It’s been said that anything that can be made digital will be or has been made digital. For the most part, we agree and support that effort. Reducing as many mundane tasks to a process of switching between one’s and zero’s is changing almost every aspect of life as we know it. A funny thing happened on the way to our digital utopia though–we somehow assumed that “analog”, digital’s predecessor, was no longer relevant or needed. We kicked analog to the curb. LP records are the poster children of analog. Almost overnight, those vinyl discs became “obsolete”. The dirty little secret that any audiophile will gladly share with you, is the fact that LP (analog) records render greater fidelity than digital recordings of the same performance! Perhaps a cautionary tale that should extend to our regard for other recent relics of the analog age.
The telephone (analog) is alive and well…sort of. It’s still in the game until you get connected to a digital menu of “choices” as opposed to a human being. Something we now call a “phone tree”. The branches on these trees seem endless–until you find a way to speak to a person or at least what you assume to be a person. A “digitized” voice? They work a lot cheaper and don’t take coffee breaks. So it’s somewhat odd that the digital world tries to offer us facsimiles from the analog world. See? It’s almost like being there! Other examples are obvious, but you get the point…
Analog tends to align with authenticity, and digital seems to match up better with efficiency. Both authenticity and efficiency are important to us. When you order off the menu, you expect to eat the entree as described and not to have to wait two hours to be served. So both criteria go into defining your dining experience. Which one is more important? Who cares? They both are. What scares most people, and rightly so, is when they encounter situations that are driven completely by efficiency with no regard for any authenticity at the same time. Railing against the machine. Nothing new but certainly something far too commonplace now.
We should all take the pledge to be both digital and analog in our daily lives. Never mistake one for the other, and never ignore one or the other. A truly full life is defined by a commitment to both!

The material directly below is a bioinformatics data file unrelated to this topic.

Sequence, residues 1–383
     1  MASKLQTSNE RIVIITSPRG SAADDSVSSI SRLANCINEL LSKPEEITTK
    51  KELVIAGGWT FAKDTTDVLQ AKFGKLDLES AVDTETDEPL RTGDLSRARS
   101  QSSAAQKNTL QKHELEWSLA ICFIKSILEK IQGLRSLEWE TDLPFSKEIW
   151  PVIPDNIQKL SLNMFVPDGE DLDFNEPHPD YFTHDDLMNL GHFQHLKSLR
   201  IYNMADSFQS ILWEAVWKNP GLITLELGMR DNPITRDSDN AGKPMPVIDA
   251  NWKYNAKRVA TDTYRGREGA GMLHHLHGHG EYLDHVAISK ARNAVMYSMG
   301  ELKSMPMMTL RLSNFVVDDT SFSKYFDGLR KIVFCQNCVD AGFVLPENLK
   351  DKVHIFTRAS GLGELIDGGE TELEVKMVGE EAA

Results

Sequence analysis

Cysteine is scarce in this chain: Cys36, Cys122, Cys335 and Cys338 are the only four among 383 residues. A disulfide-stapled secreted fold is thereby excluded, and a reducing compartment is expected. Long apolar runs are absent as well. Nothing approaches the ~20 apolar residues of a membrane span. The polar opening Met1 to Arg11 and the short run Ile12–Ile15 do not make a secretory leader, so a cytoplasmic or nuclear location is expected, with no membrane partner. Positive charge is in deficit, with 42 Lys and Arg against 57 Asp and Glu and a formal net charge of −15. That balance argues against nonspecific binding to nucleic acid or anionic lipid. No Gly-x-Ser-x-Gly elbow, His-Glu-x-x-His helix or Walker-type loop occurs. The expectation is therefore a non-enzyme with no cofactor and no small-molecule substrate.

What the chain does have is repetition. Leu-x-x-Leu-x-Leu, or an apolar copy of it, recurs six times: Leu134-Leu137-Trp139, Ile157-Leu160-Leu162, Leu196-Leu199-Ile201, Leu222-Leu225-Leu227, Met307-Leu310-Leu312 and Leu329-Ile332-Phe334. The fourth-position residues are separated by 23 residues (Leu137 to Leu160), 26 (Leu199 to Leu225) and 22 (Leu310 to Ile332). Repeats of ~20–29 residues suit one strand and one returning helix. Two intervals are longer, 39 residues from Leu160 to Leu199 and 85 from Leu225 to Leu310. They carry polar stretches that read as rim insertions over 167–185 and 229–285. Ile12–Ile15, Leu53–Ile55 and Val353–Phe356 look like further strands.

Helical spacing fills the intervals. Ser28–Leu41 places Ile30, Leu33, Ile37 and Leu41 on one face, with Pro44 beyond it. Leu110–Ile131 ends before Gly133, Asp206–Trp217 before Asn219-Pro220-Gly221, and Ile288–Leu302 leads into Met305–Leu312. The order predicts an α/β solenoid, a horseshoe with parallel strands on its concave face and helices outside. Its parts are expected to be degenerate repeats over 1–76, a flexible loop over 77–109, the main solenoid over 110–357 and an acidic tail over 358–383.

It’s often said that no one likes uncertainty. Markets don’t like uncertainty, nor do leaders or their followers for that matter. That we all crave to walk the defined and secure path to the next place. Those that offer us certainty are often hailed as “visionaries” or “gurus”. Truth be told, no one and nothing can guarantee certainty. As the title openly suggests, the only certainty is uncertainty. Just one of those paradoxes that reminds us of our relative insignificance in the universe. Lest we forget, there were plenty of people in the WTC that had already made plans for the upcoming weekend, just knowing that it was right round the corner.
Obviously, it’s incredibly easy (and maybe convenient) to be overwhelmed in the face of uncertainty. To just give up, give in, and wait to see what happens. That’s what the math says, right? Fortunately, throughout history, courageous souls have said no, that’s the wrong answer. The philosopher Soren Kierkegaard wrote about the “leap of faith” over the “abyss of despair”. Time and again, courageous people have looked at uncertainty head on and have chosen taking action instead of taking cover. The first years of the 21st century have been challenging, to say the least, for most inhabitants of this planet, and yes many of our brethren have either given up or given in. “Tomorrow” was once a hopeful place, that now scares many of us.
So what’s missing here? What do we need to get our collective swagger back? The circumstances that we find ourselves in aren’t likely to change any time soon. Same jungle different day. I think that the answer lies in asking a very simple yet profound question: where are we going? A question that is simply impossible to answer without the aid of a compass. Do we have a personal compass? Do we have a collective one? If we do, do we bother or know how to even use it? Or have we grown accustomed to walking around in circles, cursing our confusion and lack of orientation?
If you have ever gone hiking in unfamiliar territory, or sailed a boat at night, you have a clear idea about how invaluable a compass really is. The same applies to our individual and collective lives. Ever notice that now that GPS is commonplace, no one seems to get lost driving anymore? You drive in a strange place with confidence because you know where you’re going–while uncertainty hasn’t been eliminated, it has been minimized! We need that same sense of security and direction in the rest of our lives.
Do you have a compass? Do you use it frequently? If not, find one, and never let it out of your mind’s sight!